The Common Language Infrastructure CLI, or more commonly known as the Common Language Runtime, is implemented by the Mono executable The runtime is used to execute compiled NET applications The common language infrastructure is defined by the ECMA standard50 To run an application, you must invoke the runtime with the relevant parameters

The Common Language Specification CLS is specified in chapter 6 of ECMA-335 and defines the interface to the CLI, such as conventions like the underlying types for Enum The Mono compiler generates an image that conforms to the CLS This is the Common Intermediate Language The Mono runtime takes this image and runs it The ECMA standard formally defines a library that conforms to the CLS as a framework

Managed and unmanaged codeedit

Within a native NET/Mono application, all code is managed; that is, it is governed by the CLI's style of memory management and thread safety Other NET or Mono applications can use legacy code, which is referred to as unmanaged, by using the SystemRuntimeInteropServices libraries to create C# bindings Many libraries which ship with Mono use this feature of the CLI, such as Gtk#

Mono-specific innovationsedit

Mono has innovated in some areas with new extensions to the core C# and CLI specifications:

  • C# Compiler as a Service Use the C# compiler as a library16
  • C# Interactive Shell17
  • SIMD support15 as part of the MonoSIMD namespace, where method calls to special vector types are directly mapped to the underlying processor CPU SIMD instructions
  • Full static compilation of NET code56 used on Mono/iPhone, Mono/PS3
  • Mono coroutines used to implement micro-threading code and continuations, mostly for game developers57
  • Assembly injection to live processes58
  • Use of LLVM as JIT backend
  • Cxxi and CppSharp direct interop with C++ code and libraries

In addition, Mono is available on a variety of operating systems and architectures59

System requirementsedit

Windows XP, Windows Vista, Windows 7, Windows 8, Windows 81, Windows 10, MacOSX or Linux

Related projectsedit

Several projects extend Mono and allow developers to use it in their development environment These projects include:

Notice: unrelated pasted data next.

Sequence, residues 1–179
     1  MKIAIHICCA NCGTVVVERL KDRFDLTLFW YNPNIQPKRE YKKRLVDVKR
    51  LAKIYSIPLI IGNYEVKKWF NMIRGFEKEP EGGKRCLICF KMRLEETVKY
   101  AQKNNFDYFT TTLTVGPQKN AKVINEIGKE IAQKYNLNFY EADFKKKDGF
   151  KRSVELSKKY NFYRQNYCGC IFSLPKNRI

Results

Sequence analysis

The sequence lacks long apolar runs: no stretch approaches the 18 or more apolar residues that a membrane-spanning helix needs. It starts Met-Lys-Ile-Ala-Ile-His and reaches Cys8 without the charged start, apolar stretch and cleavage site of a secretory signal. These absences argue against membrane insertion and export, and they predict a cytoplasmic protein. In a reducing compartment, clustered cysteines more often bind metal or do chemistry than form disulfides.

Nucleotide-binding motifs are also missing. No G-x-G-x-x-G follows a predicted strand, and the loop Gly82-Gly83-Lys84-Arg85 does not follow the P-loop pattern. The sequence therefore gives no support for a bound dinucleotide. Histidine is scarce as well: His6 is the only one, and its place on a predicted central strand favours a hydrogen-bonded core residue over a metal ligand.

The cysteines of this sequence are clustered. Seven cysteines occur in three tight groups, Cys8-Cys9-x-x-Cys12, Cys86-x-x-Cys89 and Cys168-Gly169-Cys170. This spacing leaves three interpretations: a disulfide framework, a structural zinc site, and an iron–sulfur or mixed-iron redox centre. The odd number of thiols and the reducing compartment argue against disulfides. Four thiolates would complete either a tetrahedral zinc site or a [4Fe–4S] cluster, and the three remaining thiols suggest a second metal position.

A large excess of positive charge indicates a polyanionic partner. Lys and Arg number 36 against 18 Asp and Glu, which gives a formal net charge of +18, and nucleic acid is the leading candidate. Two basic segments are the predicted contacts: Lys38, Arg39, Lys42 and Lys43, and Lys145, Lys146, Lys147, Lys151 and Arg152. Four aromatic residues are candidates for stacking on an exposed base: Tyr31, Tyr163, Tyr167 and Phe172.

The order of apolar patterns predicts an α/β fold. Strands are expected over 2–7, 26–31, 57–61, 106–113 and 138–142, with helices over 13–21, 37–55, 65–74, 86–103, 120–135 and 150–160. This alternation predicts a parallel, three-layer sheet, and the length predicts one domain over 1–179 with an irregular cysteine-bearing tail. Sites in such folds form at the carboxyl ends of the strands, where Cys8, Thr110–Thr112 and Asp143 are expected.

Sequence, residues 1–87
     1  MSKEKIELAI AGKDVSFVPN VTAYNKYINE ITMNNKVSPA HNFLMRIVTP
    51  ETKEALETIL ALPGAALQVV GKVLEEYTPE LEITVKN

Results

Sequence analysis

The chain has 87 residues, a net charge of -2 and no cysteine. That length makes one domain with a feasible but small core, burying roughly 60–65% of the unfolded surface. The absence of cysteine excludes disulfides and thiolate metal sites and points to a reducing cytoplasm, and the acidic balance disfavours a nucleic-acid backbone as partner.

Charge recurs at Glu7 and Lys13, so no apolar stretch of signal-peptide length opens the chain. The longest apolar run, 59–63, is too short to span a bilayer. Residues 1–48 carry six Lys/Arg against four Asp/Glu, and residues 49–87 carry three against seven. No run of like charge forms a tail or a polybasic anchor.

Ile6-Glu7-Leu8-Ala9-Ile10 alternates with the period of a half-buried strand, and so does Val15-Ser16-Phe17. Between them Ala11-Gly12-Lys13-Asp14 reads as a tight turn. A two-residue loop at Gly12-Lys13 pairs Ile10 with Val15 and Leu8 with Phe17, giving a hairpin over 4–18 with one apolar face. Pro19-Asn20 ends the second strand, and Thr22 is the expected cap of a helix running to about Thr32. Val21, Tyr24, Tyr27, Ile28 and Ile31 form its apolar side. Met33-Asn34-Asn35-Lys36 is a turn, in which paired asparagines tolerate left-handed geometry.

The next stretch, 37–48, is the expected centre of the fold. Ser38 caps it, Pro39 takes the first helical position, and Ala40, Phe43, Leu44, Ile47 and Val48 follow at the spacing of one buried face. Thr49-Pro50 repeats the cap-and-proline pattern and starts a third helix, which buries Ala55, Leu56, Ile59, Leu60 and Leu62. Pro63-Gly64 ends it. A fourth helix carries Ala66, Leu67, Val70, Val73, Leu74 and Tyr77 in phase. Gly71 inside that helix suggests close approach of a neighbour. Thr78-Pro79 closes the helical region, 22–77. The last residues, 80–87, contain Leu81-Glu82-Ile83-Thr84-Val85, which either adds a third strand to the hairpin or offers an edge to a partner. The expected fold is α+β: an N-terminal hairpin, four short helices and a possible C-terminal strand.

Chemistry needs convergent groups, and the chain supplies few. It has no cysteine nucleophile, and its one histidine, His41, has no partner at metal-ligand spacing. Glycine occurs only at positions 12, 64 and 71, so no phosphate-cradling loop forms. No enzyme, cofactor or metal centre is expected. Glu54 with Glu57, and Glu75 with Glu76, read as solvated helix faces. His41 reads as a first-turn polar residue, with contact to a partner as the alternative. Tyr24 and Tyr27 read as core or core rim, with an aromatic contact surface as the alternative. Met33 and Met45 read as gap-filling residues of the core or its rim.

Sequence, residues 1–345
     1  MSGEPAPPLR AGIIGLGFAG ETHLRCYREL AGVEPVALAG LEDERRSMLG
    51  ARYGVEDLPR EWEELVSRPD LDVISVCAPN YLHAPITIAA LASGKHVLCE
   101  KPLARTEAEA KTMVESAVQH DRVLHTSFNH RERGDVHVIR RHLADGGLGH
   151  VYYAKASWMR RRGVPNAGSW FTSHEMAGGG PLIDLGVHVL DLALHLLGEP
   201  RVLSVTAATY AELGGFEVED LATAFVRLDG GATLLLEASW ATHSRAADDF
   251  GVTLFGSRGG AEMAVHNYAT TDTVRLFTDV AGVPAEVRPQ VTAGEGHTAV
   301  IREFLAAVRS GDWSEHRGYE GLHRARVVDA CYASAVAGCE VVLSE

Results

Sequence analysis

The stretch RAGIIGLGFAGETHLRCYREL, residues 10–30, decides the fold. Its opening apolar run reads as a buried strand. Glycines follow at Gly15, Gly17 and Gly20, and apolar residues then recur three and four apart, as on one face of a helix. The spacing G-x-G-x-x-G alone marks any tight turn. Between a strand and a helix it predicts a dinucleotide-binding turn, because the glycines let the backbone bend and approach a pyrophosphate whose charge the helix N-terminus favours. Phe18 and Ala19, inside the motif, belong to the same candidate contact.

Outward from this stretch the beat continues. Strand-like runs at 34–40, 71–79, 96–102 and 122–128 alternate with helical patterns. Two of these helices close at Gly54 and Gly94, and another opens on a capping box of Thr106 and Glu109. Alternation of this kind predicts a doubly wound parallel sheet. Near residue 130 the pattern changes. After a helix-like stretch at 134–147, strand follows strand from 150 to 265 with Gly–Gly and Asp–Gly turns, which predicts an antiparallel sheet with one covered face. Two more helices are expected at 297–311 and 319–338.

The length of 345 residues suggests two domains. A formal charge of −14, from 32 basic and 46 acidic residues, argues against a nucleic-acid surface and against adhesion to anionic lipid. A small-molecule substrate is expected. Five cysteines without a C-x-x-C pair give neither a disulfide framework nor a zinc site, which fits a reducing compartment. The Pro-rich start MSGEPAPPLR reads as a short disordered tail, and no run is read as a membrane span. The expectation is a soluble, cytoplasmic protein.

• Banshee Media Player a cross-platform music media player built with Mono and Gtk# and also a driver of dozens of C#-based libraries and projects for media handling
  • Beagle a search system for Unix systems
  • Gecko#, bindings for embedding the layout engine used in Mozilla Gecko
  • Gtk#, C# wrappers around the underlying GTK+ and GNOME libraries, written in C and available on Linux, MacOS and Windows
  • Mono Migration Analyzer MoMA, a tool which aids Windows NET developers in finding areas in their code that might not be cross-platform and therefore not work in Mono on Linux and other Unixes
  • MonoCross, a cross-platform model–view–controller design pattern where the Model and Controller are shared across platforms and the Views are unique for each platform for an optimized User Interface The framework requires XamariniOS and XamarinAndroid
  • MvvmCross, a cross-platform Model View ViewModel framework utilizing XamariniOS and XamarinAndroid for developing mobile apps
  • MonoDevelop an open source and cross-platform Integrated Development Environment that supports building applications for ASPNET, Gtk#, Meego, MonoTouch and Silverlight/Moonlight
  • Moonlight, an implementation of Silverlight that uses Mono
  • OpenTK, a managed binding for OpenGL, OpenCL and OpenAL
  • QtSharp, C# bindings for the Qt framework
  • Resco MobileBusiness, a cross-platform developer solution for mobile clients
  • Resco MobileCRM, a cross-platform developer solution for mobile clients synchronized with Microsoft Dynamics CRM
  • ServiceStack a high-performance Open source NET REST web services framework that simplifies the development of XML, JSON and SOAP web services
  • SparkleShare an open-source client software that provides cloud storage and file synchronization services
  • Tao, a collection of graphics and gaming bindings OpenGL, SDL, GLUT, Cg